Buying products involves one of two decision making processes. The first is known as system one. These’re decisions that people make quickly without a lot of consideration. This isn’t necessarily a sign of carelessness. It’s an indication of lack of emotional investment. If you need a pair of shoes, but don’t particularly care about footwear trends, buying shoes is a system one decision.
You grab a pair that fits, that you can afford, and then you pay for them. If you care about shoes or you have special footwear needs, it becomes a system two decision. You shop around, you research, you check out relevant blog content, and finally you make a decision.
Confuse a system one customer and you’ll lose them quickly. They simply aren’t going to spend the time trying to figure things out. This is a negative, but usually identifiable because these customers will bounce quickly, enabling you to find the source of confusion. If you make them happy, system two customers are very likely to become loyal customers. Unfortunately, if you confuse them, you may not even realize it. In both cases you’ve lost out.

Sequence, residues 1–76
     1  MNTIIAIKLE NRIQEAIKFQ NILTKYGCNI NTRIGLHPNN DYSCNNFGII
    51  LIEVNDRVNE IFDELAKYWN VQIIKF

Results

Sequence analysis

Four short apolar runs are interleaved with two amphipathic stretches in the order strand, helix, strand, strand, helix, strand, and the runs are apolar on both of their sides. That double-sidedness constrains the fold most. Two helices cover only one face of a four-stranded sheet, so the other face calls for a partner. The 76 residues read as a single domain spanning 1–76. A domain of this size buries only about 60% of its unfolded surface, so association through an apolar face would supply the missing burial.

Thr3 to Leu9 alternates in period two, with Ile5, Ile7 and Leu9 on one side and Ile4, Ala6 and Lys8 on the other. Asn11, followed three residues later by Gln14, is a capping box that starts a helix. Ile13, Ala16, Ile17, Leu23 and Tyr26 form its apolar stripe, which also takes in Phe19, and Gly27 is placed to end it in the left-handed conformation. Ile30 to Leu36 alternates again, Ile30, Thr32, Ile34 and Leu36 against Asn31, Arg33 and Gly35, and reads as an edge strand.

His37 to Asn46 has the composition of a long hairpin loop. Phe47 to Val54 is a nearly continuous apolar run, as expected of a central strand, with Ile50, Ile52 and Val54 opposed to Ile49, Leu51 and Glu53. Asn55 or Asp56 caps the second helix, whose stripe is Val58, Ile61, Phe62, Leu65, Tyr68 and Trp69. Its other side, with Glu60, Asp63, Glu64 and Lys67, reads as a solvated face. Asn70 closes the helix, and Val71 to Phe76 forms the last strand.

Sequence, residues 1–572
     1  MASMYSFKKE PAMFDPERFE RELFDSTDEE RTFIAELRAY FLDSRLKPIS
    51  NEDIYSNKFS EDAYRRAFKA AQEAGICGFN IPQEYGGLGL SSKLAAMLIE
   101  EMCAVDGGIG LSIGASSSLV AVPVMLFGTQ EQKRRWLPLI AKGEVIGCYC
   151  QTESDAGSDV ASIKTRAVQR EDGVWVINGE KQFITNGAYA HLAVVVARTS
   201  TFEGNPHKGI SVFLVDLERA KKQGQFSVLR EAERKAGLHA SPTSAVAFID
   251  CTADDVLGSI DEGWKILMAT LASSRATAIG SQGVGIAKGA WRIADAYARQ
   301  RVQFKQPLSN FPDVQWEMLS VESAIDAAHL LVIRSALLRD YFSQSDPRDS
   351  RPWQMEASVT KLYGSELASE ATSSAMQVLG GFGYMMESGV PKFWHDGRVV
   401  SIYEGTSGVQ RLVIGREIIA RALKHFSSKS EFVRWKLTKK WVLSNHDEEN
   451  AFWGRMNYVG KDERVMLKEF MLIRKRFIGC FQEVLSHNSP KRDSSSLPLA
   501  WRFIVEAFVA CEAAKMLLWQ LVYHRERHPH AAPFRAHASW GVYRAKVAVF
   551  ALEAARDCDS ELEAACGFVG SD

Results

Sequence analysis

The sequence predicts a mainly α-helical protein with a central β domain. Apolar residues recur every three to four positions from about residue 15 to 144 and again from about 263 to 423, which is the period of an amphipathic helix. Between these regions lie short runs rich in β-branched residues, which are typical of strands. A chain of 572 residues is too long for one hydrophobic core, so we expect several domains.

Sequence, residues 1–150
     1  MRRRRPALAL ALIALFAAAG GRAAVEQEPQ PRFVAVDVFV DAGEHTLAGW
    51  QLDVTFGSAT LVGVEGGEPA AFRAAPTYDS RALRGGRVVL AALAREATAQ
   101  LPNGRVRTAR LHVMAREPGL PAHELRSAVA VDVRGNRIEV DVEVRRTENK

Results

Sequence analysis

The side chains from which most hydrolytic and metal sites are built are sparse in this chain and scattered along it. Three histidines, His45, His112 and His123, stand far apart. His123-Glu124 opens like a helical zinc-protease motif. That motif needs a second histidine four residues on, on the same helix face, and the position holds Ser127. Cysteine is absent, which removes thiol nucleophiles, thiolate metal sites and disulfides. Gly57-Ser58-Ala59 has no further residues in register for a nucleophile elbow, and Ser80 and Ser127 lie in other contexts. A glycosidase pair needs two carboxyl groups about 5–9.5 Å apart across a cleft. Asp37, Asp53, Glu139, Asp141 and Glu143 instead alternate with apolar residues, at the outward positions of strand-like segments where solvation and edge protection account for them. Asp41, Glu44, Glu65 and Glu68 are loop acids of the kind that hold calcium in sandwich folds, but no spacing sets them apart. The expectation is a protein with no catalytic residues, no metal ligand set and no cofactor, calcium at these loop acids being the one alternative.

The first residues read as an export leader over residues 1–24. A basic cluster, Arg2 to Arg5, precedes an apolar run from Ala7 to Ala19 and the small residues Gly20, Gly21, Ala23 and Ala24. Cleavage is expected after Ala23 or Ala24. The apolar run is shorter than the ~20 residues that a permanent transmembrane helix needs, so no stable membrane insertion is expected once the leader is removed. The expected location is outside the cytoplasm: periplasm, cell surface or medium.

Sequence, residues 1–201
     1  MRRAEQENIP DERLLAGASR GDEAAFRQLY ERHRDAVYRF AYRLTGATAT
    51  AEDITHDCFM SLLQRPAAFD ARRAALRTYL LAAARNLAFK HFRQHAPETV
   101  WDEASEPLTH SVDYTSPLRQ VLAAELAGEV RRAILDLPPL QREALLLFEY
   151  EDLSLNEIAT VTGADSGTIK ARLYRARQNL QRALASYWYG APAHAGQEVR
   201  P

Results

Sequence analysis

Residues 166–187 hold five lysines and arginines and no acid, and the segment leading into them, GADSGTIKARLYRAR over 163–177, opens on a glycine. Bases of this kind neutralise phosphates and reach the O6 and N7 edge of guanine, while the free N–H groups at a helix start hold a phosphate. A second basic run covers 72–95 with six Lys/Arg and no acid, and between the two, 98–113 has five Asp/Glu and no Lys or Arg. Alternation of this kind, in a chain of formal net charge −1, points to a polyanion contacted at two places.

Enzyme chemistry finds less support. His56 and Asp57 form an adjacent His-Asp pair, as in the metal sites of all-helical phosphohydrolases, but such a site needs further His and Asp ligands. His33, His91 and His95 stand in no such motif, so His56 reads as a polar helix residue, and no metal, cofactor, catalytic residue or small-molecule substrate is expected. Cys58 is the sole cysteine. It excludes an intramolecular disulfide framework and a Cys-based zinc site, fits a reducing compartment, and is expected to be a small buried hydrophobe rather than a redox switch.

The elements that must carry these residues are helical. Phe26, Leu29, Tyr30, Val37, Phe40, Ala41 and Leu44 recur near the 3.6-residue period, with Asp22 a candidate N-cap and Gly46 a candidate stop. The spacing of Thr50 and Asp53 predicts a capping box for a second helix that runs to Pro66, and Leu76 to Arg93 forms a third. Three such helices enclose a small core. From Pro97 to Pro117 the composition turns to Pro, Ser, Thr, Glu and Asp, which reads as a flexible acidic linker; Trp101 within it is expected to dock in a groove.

Confusion can drive customers to other sources for information
If visitors to your website become confused about your products or services, or even about navigating your website, they’re going to go to other sources to get the information that they need. This is problematic for you in many ways. First, there’s no guarantee that the information they’ll find is accurate. Even worse, the information might be both inaccurate and negative.
Ultimately, when a customer is forced to go elsewhere to find information that’s not available or not discernible on your website, you risk them being pointed to one of your competitors.